The usual advice I’ve read is that my success isn’t impacted by that of my friends and they’re doing something completely different to me, so it shouldn’t affect me—to just put these thoughts aside and get on with the work. But creative work requires passion and a degree of blind faith that what I’m doing has value, and while I can dismiss these thoughts ten times a day, the eleventh time will still grind me down and cause me to obsess over my failure. That in turn affects my confidence in pushing on with my work.

The parts of writing that have always been hardest for me are consistency of enthusiasm and self-belief, and both of these are taking a fairly hefty hit from these upsetting thoughts right now. On top of that, much as I don’t want my relationship with my friends to suffer, any successes of theirs, even ones that are only tenuously related but indicate that they’re respected as professionals in their field, are causing me to feel resentful and leave the conversation. Since I care about them and want to be supportive, this is proving really tough. I never want to make them feel bad for their success (which is why I don’t want to talk to them about it), but when hearing about it messes with my brain, it’s difficult to maintain those friendships. I feel like I’m so close to success but just falling short, and yet they’re light years ahead.

Your previous posts have been really helpful in understanding why I feel the way I do about my work in the past, so I’m hoping you have some thoughts on this.

—Hopeful (she/her)

Dear Hopeful,

Jealousy is a beast, isn’t it? It’s one of the hardest emotions to handle, along with guilt and grief. And it sounds like you’re maybe feeling some of those things too: grief over the career you don’t have, guilt over your perceived failings.

The idea that you shouldn’t be affected by your friends’ successes is absolute nonsense. If you were thrilled for them and cheering them on, no one would tell you, “Whoa, slow down there—you shouldn’t be so happy! Their success has nothing to do with you!” We all understand that having feelings about what’s happening in our friends’ lives is perfectly normal. But when those feelings aren’t positive, they become less socially acceptable, and then you have another guilt burden laid atop the rest of the things you’re feeling. So let me relieve you of that burden: there’s nothing morally wrong with being envious of people who have things you want, and you’re not a bad person for feeling that way.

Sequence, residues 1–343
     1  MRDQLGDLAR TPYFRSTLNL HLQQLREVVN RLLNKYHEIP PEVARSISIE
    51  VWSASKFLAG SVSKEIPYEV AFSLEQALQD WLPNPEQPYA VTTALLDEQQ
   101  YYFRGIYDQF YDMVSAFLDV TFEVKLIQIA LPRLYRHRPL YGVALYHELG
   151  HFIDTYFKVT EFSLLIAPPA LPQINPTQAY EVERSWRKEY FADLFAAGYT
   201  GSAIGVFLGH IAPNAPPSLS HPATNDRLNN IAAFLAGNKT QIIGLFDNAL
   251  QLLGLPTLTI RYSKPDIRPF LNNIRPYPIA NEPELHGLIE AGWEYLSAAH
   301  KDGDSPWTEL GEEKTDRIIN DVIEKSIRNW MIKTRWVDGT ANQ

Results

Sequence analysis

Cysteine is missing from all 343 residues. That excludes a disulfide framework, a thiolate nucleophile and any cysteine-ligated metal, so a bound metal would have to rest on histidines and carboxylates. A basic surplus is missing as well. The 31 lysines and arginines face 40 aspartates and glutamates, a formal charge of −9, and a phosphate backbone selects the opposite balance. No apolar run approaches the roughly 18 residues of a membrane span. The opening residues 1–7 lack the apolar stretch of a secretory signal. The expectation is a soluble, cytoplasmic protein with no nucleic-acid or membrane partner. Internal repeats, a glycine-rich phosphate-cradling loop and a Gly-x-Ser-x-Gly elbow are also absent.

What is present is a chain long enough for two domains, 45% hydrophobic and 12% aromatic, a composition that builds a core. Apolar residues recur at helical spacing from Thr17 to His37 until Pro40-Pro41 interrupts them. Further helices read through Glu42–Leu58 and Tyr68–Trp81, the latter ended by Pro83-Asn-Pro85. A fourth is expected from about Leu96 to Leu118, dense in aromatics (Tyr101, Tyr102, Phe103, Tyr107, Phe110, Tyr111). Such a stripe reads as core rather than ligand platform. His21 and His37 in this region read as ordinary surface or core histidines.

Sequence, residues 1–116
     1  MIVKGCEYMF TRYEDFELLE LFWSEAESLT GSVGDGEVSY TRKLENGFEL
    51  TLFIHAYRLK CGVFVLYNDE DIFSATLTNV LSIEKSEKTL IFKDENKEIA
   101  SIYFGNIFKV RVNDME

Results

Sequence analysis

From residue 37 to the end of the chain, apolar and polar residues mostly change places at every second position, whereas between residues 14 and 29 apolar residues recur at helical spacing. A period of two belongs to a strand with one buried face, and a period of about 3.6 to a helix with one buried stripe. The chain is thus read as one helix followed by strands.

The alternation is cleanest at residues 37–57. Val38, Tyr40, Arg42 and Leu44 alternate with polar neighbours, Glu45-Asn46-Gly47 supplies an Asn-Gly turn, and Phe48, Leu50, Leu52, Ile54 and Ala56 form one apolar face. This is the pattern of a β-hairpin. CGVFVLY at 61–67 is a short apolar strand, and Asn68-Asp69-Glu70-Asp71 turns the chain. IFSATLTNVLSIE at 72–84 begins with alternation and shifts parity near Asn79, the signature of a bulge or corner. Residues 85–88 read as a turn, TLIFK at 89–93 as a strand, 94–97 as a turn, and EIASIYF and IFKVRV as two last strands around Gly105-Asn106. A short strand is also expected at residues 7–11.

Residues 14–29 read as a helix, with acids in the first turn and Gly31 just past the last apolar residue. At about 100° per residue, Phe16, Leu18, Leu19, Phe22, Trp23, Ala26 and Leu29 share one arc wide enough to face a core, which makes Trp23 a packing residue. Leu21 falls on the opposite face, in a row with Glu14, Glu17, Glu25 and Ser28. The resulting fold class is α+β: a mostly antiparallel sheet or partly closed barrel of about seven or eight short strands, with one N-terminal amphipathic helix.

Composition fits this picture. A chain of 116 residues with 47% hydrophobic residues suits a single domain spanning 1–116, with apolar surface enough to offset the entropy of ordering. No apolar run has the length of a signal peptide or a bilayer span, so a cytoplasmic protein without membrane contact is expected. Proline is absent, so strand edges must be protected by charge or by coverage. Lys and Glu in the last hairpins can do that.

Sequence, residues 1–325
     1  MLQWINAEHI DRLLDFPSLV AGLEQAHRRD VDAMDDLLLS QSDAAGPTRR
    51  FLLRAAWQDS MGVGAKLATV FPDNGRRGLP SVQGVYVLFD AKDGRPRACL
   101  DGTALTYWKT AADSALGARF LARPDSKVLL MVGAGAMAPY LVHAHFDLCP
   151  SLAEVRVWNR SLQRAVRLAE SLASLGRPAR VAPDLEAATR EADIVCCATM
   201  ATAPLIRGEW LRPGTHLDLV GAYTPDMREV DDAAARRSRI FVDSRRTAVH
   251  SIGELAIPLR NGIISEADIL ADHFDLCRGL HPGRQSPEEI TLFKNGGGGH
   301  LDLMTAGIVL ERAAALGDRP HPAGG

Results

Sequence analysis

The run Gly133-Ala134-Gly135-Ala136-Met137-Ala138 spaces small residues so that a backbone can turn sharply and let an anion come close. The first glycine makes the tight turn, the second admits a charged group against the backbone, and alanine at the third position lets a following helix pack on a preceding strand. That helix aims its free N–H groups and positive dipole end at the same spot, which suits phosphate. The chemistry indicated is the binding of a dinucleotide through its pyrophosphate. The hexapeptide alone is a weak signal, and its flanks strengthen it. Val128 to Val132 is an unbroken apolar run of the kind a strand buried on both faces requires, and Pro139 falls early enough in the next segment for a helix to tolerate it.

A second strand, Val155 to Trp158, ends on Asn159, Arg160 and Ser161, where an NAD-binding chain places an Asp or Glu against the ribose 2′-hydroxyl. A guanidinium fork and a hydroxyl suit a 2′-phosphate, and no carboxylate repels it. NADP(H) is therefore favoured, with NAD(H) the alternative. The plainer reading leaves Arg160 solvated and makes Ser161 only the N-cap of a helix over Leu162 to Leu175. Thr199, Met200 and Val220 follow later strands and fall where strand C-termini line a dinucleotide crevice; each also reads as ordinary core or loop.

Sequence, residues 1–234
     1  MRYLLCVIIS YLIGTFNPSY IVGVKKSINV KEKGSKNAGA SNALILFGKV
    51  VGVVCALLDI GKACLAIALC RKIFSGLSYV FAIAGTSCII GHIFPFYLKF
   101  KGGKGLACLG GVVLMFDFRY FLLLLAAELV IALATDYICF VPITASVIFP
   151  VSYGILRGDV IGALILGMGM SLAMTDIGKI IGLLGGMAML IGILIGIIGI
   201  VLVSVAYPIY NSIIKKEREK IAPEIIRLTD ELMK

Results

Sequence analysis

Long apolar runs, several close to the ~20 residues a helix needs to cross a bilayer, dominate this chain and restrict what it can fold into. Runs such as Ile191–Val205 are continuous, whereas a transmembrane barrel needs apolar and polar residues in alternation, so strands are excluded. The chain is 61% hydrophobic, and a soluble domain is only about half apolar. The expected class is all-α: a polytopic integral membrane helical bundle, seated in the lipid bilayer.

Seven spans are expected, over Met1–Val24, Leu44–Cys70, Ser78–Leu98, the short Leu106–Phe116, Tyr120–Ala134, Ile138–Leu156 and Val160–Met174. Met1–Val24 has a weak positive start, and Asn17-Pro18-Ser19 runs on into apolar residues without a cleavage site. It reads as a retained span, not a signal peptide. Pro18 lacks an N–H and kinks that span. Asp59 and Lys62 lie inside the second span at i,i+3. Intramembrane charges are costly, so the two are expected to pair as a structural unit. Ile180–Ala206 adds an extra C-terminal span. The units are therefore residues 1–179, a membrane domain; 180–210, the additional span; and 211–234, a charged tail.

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#56: Showing, Telling, and Tension in Romance

This question came from the priority request queue for my Patreon patrons. Thanks for your support, letter writer!

Dear Story Nurse,

I’m doing Camp NaNo this month with a goal of 30K words which translate to about a thousand words a day. I’m writing a romance novel, but the problem is I’m having a hard time developing romantic tension. I’ve thrown my heroes in a perilous situation, so right now I’m filling the word count with them planning on their next move, and worrying about the situation back home. How do I develop the romantic angle when they have moments to breathe and aren’t running from danger?

To add a layer of complexity, Hero B has been badly burned in the past and is in denial about his growing feelings for Hero A because he doesn’t want to get hurt. How do I show rather than tell that?

Finally, do you know of any good examples of this romantic tension building that I can be inspired by?

Thank you for all you do!

—Hopefully Romantic (she/her)

Dear Hopefully Romantic,

I’m sorry I didn’t get to this letter during Camp NaNo, and I hope you found your way through and made your goal! But romantic tension is one of those things that’s often better managed during revisions, because it’s all about pacing, so I think this advice will still be relevant to you.

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#51: Writing Polyamorous Relationships, Part Two

Dear Story Nurse,

I’d love to see a follow up post to the last polyam one, one that was more in depth about the craft of writing individuals and meet cutes with non-monogamy in a way that doesn’t put the reader off or have them assuming there is cheating involved, aimed more towards people who didn’t need the poly101 as well.

—nicolefieldwrites (they/them)

Dear nicolefieldwrites,

What a lovely request! I’m happy to oblige. You’re right that my last post was very 101, and there’s much more to writing polyamorous relationships and people than merely avoiding clichés.